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SLAC Publication: SLAC-PUB-15816
SLAC Release Date: October 21, 2013
Dwarf Galaxies with Ionizing Radiation Feedback II: Spatially-resolved Star Formation Relation
Kim, Ji-hoon.
We investigate the spatially-resolved star formation relation using a galactic disk formed in a comprehensive high-resolution (3.8 pc) simulation. Our new implementation of stellar feedback includes ionizing radiation as well as supernova explosions, and we handle ionizing radiation by solving the radiative transfer equation rather than by a subgrid model. Photoheating by stellar radiation stabilizes gas against Jeans fragmentation, reducing the star formation rate. Because we have self-consiste... Show Full Abstract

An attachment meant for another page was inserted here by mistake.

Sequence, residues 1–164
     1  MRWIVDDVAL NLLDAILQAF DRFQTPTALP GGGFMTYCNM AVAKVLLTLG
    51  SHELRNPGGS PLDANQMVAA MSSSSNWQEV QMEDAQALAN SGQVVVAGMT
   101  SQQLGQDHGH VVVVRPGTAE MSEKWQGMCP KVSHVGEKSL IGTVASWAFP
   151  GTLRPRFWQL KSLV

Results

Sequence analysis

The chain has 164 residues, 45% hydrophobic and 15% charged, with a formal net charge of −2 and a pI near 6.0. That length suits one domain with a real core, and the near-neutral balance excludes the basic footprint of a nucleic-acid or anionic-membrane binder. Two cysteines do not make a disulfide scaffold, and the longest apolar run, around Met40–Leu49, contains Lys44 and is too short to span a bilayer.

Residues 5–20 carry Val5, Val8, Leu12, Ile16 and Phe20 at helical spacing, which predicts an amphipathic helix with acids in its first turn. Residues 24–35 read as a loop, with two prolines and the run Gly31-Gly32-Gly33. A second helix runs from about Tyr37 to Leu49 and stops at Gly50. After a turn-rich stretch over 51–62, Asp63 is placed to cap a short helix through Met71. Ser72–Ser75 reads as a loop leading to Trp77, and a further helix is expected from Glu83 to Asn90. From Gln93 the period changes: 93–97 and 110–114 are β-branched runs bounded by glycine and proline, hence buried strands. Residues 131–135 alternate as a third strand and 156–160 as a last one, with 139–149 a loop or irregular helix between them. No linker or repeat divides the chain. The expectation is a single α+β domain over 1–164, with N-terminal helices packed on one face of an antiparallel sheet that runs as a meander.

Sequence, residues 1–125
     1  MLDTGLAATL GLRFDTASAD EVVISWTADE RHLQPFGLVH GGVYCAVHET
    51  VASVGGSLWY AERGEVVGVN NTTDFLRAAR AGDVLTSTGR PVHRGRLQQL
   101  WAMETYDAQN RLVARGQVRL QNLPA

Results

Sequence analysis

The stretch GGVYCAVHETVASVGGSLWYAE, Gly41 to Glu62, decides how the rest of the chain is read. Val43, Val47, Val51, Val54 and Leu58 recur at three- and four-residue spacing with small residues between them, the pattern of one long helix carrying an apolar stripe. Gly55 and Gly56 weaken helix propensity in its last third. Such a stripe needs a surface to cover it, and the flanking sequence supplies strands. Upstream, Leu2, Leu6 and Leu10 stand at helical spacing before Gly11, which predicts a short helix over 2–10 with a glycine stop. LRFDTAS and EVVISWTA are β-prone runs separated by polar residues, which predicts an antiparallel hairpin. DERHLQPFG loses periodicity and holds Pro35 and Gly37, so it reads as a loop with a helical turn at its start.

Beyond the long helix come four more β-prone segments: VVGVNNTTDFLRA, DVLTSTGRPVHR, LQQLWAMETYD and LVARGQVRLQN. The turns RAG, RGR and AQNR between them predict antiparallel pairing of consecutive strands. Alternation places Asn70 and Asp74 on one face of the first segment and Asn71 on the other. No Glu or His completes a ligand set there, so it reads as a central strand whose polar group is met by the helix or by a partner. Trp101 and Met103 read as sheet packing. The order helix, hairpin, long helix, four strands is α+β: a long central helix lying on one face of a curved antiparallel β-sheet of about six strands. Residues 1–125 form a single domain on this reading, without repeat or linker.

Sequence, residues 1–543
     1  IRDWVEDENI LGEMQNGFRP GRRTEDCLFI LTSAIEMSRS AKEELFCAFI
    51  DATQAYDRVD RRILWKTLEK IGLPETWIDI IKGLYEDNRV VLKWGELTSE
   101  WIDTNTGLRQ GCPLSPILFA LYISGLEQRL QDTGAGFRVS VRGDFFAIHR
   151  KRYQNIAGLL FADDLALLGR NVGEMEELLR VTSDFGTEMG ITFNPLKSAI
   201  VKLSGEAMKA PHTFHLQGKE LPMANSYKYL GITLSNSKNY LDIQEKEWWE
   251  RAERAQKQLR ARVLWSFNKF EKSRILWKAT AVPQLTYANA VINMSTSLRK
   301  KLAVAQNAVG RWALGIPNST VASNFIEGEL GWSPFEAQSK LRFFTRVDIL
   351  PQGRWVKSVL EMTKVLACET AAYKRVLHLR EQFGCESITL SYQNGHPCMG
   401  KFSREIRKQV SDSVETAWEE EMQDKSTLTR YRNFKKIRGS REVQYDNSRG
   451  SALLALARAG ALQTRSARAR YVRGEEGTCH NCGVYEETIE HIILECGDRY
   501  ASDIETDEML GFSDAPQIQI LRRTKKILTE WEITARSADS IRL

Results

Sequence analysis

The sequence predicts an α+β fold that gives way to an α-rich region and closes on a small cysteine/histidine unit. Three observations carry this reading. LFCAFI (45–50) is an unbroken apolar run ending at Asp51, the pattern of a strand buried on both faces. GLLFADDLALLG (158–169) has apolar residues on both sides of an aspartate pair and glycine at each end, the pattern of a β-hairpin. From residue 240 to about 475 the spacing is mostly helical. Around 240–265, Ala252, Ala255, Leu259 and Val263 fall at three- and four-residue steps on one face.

We investigate the spatially-resolved star formation relation using a galactic disk formed in a comprehensive high-resolution (3.8 pc) simulation. Our new implementation of stellar feedback includes ionizing radiation as well as supernova explosions, and we handle ionizing radiation by solving the radiative transfer equation rather than by a subgrid model. Photoheating by stellar radiation stabilizes gas against Jeans fragmentation, reducing the star formation rate. Because we have self-consistently calculated the location of ionized gas, we are able to make spatially-resolved mock observations of star formation tracers, such as H-alpha emission. We can also observe how stellar feedback manifests itself in the correlation between ionized and molecular gas. Applying our techniques to the disk in a galactic halo of 2.3e11 Msun, we find that the correlation between star formation rate density (estimated from mock H-alpha emission) and molecular hydrogen density shows large scatter, especially at high resolutions of <~ 75 pc that are comparable to the size of giant molecular clouds (GMCs). This is because an aperture of GMC size captures only particular stages of GMC evolution, and because H-alpha traces hot gas around star-forming regions and is displaced from the molecular hydrogen peaks themselves. By examining the evolving environment around star clusters, we speculate that the breakdown of the traditional star formation laws of the Kennicutt-Schmidt type at small scales is further aided by a combination of stars drifting from their birthplaces, and molecular clouds being dispersed via stellar feedback. Show Partial Abstract
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